The persistent mission of the Diasporic Vietnamese Artists Network, now generously supported by Viet Thanh Nguyen’s MacArthur grant, is to celebrate and foster diasporic Vietnamese literary voices. It is to that end that we are proud to announce the inaugural title of this new publishing venture.
Coming to a bookseller near you in spring 2022 will be…
Constellations of Eve by Abbigail N. Rosewood.
Informed by Rosewood’s own upbringing and education in Eastern philosophy and beliefs, Constellations of Eve was born from the author’s hope that love could transcend death, giving her parents the chance to meet again in another life. Rosewood’s preoccupation with the myriad ways life could turn out stems from the loss of her father, who passed away in a car accident at the age of thirty. When, as a child, Rosewood asked her mother if she would be willing to give up everything in this life to resurrect her father, the answer was a resolute yes, even though that “everything” perhaps included Rosewood herself. This novel is her attempt to untangle her mother’s deeply human impulse and to understand why love, once tasted, makes all alternatives unbearable.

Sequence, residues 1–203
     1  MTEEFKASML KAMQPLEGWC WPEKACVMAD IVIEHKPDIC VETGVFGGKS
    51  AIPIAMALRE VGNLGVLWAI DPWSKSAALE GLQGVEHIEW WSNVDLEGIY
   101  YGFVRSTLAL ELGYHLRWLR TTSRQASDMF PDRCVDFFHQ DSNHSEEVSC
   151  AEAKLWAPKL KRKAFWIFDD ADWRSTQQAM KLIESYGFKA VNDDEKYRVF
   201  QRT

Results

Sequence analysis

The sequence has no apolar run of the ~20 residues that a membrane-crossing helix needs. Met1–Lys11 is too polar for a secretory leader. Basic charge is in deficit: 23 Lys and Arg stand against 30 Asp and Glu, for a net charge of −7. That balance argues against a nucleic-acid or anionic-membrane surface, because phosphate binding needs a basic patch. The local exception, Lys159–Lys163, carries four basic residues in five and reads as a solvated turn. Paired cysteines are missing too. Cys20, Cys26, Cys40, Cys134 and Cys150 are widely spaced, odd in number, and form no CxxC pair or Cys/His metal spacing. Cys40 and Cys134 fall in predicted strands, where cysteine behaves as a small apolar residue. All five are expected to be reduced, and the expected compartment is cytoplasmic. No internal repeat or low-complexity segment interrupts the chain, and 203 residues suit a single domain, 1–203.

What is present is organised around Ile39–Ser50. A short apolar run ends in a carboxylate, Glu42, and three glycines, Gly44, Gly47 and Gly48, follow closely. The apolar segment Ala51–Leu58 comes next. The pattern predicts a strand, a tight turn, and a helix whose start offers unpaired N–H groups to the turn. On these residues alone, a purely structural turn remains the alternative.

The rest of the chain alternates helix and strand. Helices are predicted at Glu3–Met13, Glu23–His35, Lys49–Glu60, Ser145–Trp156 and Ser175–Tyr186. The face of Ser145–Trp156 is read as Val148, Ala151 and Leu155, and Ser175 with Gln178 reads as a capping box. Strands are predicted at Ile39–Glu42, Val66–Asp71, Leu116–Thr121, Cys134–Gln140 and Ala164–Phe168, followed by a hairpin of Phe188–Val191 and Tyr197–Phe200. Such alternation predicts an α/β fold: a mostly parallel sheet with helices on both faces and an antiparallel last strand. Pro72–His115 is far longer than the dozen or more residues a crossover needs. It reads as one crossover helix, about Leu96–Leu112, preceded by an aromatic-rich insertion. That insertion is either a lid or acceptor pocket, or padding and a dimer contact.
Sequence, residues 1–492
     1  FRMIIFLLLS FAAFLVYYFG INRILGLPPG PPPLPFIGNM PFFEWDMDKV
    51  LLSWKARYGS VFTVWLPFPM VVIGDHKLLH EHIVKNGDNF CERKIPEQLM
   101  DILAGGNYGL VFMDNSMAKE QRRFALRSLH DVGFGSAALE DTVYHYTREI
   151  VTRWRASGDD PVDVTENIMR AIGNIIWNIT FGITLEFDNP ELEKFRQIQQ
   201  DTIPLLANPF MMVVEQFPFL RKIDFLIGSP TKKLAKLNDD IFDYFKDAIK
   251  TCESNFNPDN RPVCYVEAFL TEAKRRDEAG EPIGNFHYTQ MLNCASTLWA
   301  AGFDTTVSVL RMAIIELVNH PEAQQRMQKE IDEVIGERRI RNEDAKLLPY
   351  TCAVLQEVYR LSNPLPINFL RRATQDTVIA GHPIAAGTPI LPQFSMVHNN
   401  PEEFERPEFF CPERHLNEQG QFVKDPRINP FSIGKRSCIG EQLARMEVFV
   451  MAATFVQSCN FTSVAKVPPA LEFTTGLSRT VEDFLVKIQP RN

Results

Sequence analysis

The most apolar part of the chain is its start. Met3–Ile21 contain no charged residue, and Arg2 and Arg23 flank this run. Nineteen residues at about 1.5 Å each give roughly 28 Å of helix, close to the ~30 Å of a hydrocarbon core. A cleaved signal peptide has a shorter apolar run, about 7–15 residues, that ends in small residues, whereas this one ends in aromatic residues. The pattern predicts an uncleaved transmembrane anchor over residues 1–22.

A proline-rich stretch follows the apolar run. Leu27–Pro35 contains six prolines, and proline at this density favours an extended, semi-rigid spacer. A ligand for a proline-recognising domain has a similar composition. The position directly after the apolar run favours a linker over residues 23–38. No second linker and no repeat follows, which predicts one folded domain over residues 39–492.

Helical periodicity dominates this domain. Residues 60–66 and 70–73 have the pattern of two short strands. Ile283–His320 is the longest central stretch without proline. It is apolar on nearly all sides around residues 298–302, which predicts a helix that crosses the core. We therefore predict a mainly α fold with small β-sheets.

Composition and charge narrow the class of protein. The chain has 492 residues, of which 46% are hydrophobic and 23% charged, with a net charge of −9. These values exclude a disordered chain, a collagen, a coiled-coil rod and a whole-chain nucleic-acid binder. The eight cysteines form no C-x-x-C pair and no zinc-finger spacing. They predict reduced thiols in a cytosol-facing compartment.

Three reincarnations of one love story, Constellations of Eve chronicles the transmigration of souls. Each reality allows Eve, an artist and mother crippled by fears of being abandoned by those she loves, another chance at fulfillment—but can she get it right? Is there even such a thing as “right”? Can she be a good enough artist, mother, wife, and friend this time around? Can she ward off the loss of her loved ones, the very thing she fears the most? How many lifetimes will it take?
An intensely intimate portrait of one woman’s battles against her own destructive impulses in love, her unrelenting obsession with her art, and the envy that poisons her most treasured friendship.
Abbigail N. Rosewood was born in Vietnam, where she lived until the age of twelve. She holds an MFA in creative writing from Columbia University and lives in Brooklyn, New York. Her debut novel, If I Had Two Lives, has been hailed as “a tale of staggering artistry” by the Los Angeles Review of Books and “a lyrical, exquisitely written novel” by the New York Journal of Books. The New Yorker called it “a dangerous fantasy world” that “double haunts the novel.” Her short fiction and essays can be found at Electric Lit, LitHub, Catapult, The Southampton Review, The Brooklyn Review, Columbia Journal, and The Adroit Journal, among others. In 2019, her hybrid writing was featured in a multimedia art and poetry exhibit at Eccles Gallery. Her fiction has been nominated for the Pushcart Prize, Best of the Net, and Best American Short Story 2020. She is the founder of Neon Door, a forthcoming immersive literary exhibit.